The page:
Testing season can be confusing and overwhelming for everyone. Teachers must adhere to strict protocols as proctors and students have to follow specific rules during and after testing. As school leaders, it’s critical to encourage teachers and students to ask any and all questions–there are no “bad” questions!
For teachers, you can hold optional Q&A sessions during lunch and planning periods, giving educators accessible opportunities to ask questions about testing. You can also create an anonymous question box in the staff lounge. If teachers feel nervous or insecure asking a question, this gives the option of asking anonymously. School leaders can post questions and their respective answers on a bulletin board in the staff room or via email. Chances are, if one teacher has a question, other teachers have a similar question!
For students, encourage teachers to create space in their classroom for students to ask questions about testing. This could include using Morning Meetings or Warm-Up times as Q&As, creating an anonymous question box, or asking students basic questions (i.e. “Does anyone need to know which test you are taking first?” or “Does anyone need to know which classroom to report to?”) to normalize not knowing the answers to testing schedules and procedures.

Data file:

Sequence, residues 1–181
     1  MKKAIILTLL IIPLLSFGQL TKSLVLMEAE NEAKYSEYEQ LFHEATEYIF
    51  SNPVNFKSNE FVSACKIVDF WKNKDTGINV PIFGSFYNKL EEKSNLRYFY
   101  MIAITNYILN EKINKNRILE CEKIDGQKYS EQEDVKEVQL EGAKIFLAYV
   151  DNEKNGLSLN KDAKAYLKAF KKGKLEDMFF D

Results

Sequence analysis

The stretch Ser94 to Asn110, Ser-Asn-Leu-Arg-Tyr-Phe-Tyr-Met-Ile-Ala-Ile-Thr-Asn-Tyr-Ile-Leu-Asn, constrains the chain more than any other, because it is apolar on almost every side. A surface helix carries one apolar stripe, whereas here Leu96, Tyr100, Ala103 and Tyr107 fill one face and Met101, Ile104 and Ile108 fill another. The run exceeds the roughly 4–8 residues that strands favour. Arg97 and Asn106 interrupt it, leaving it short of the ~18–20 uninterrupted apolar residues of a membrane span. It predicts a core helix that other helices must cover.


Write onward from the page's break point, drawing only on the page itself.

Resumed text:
When I first proctored tests as a classroom teacher, I had so many questions that I felt too embarrassed to ask. Without answers to these questions, I felt nervous and insecure while proctoring. Had there been a clear culture of asking questions, I would have felt calmer and more confident, which would have better supported my students’ success.
Let “there are no bad questions” be your testing season catchphrase. When teachers and students are told this repeatedly, they’re more likely to be vulnerable and ask their pressing questions.
#3 Information as the Antidote to Stress
Don’t wait until the week before testing begins to communicate important instructions and details! As soon as information becomes available–testing dates, schedules, procedures, etc–share that information.